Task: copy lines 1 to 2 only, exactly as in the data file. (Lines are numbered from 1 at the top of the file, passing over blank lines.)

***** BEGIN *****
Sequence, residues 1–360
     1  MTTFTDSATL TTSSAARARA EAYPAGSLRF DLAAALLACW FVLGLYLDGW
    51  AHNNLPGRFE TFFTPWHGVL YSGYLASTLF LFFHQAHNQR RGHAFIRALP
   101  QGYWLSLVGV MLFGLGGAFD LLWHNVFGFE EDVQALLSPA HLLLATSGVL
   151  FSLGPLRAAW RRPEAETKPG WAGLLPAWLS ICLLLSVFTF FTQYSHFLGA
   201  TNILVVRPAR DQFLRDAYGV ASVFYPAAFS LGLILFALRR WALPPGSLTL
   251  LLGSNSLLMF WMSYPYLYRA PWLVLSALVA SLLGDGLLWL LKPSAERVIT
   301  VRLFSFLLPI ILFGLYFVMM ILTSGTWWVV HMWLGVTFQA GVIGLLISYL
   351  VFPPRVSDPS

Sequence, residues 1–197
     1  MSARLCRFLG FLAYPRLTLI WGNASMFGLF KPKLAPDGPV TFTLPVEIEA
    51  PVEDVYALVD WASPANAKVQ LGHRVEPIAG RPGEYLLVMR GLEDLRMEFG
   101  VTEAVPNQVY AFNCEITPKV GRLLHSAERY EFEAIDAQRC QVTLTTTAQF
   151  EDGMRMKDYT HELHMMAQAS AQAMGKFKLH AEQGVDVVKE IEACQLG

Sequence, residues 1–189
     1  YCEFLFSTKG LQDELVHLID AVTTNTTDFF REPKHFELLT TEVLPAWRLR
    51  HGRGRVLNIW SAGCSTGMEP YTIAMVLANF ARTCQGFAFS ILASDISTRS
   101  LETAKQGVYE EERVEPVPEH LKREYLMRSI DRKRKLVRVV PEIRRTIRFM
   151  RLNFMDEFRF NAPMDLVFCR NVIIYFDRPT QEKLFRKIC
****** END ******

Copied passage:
Sequence, residues 1–360
     1  MTTFTDSATL TTSSAARARA EAYPAGSLRF DLAAALLACW FVLGLYLDGW